Research Papers: Heat Transfer Enhancement

Heat Transfer Enhancement of Air Flowing Across Grooved Channels: Joint Effects of Channel Height and Groove Depth

[+] Author and Article Information
El Hassan Ridouane

Department of Mechanical Engineering,  The University of Vermont, Burlington, VT 05405eridouan@cems.uvm.edu

Antonio Campo

Department of Mechanical Engineering,  The University of Vermont, Burlington, VT 05405

J. Heat Transfer 130(2), 021901 (Feb 04, 2008) (7 pages) doi:10.1115/1.2790022 History: Received November 30, 2006; Revised June 15, 2007; Published February 04, 2008

A numerical study was conducted to investigate convective heat transfer and laminar fluid flow in the developing region of two-dimensional parallel-plate channels with arrays of transverse hemicircular grooves cut into the plates. Air with uniform velocity and temperature enters the channel whose plates are at a uniform temperature. The finite-volume method is used to perform the computational analysis accounting for the traditional second-order-accurate QUICK and SIMPLE schemes. Steady-state results are presented for parallel-plate channels with and without hemicircular grooves for comparison purposes. The study revolves around four controlling parameters: (1) the height of the channel, (2) the relative groove depth, (3) the number of grooves, and (4) the Reynolds number. A prototypical 120cm-long channel contains two series of 3, 6, and 12 transverse grooves with four relative groove depths δD of 0.125, 0.25, 0.375, and 0.5. Three ratios of channel height to groove print diameter HD of 0.5, 1, and 2 are employed. Computations are performed for Reynolds numbers based on the hydraulic diameter ranging from 1000 to 2500. It is found that the grooves enhance local heat transfer relative to a flat passage at locations near their downstream edge. The maximum heat transfer enhancement occurs at an optimal depth of the grooves. For purposes of engineering design, generalized correlation equations for the Nusselt number in terms of the pertinent Re, δD, and the number of grooves N were constructed using nonlinear regression theory.

Copyright © 2008 by American Society of Mechanical Engineers
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Figure 1

Schematic of the physical systems: (a) symmetric arrangement, (b) staggered arrangement, and (c) spacing between 6 and 12 cavities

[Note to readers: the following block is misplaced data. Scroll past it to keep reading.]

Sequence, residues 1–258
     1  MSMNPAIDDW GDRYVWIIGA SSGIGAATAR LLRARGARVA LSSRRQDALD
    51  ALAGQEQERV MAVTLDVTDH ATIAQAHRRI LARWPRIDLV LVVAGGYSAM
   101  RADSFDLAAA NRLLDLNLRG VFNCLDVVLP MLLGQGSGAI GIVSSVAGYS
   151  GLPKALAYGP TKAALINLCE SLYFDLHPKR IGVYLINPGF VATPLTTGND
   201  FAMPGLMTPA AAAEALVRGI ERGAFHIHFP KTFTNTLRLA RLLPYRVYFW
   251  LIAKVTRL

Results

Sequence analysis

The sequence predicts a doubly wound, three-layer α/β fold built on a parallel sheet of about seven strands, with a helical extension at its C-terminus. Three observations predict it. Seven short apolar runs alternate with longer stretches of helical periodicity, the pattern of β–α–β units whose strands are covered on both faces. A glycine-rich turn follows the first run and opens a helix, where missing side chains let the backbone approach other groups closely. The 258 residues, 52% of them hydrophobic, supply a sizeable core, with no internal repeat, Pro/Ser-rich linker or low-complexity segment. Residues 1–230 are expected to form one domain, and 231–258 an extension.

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Figure 2

Geometry of the hemicircular grooves

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Figure 3

A portion of the computational grid showing the distribution of elements in a groove∕channel with δ∕D=0.25 on the lower plate of a channel with three grooves onto each plate

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Figure 4

Velocity vectors and isotherms inside a shallow groove with half radius depth δ∕D=0.25: (a) Re=1000(u¯=0.198ms−1) and (b) Re=2500(u¯=0.496ms−1)

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Figure 5

Local wall heat flux along the upper plate of the channel with 12 grooves at Re=2500(u¯=0.496ms−1)

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Figure 6

Variations of the mean Nusselt number with Re for the two arrangements and different relative groove depths in a channel with three grooves

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Figure 7

Variations of the mean Nusselt number of channel with 6 and 12 grooves with Re for different relative groove depths

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Figure 8

Optimal groove depth that maximizes the heat transfer through the channel

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Figure 9

Evolution of the mean wall heat flux with Reynolds parametrized by the channel height and groove arrangement. Three relative heights of the channel are considered, H∕D=0.5, 1, and 2.




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